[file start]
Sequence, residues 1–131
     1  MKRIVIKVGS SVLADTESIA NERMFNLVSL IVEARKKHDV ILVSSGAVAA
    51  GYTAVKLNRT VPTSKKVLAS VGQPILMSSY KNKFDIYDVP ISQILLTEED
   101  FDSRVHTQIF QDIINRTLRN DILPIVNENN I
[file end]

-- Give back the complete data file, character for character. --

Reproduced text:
Sequence, residues 1–131
     1  MKRIVIKVGS SVLADTESIA NERMFNLVSL IVEARKKHDV ILVSSGAVAA
    51  GYTAVKLNRT VPTSKKVLAS VGQPILMSSY KNKFDIYDVP ISQILLTEED
   101  FDSRVHTQIF QDIINRTLRN DILPIVNENN I